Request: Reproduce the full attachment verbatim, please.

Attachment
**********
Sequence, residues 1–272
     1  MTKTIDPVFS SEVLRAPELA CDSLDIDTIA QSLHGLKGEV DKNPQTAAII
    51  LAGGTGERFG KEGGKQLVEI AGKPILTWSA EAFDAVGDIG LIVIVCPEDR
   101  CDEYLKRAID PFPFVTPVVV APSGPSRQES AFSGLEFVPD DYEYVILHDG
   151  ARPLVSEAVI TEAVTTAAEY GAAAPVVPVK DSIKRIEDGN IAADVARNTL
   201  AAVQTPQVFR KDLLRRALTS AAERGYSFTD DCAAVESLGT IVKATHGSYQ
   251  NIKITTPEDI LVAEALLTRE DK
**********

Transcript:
Sequence, residues 1–272
     1  MTKTIDPVFS SEVLRAPELA CDSLDIDTIA QSLHGLKGEV DKNPQTAAII
    51  LAGGTGERFG KEGGKQLVEI AGKPILTWSA EAFDAVGDIG LIVIVCPEDR
   101  CDEYLKRAID PFPFVTPVVV APSGPSRQES AFSGLEFVPD DYEYVILHDG
   151  ARPLVSEAVI TEAVTTAAEY GAAAPVVPVK DSIKRIEDGN IAADVARNTL
   201  AAVQTPQVFR KDLLRRALTS AAERGYSFTD DCAAVESLGT IVKATHGSYQ
   251  NIKITTPEDI LVAEALLTRE DK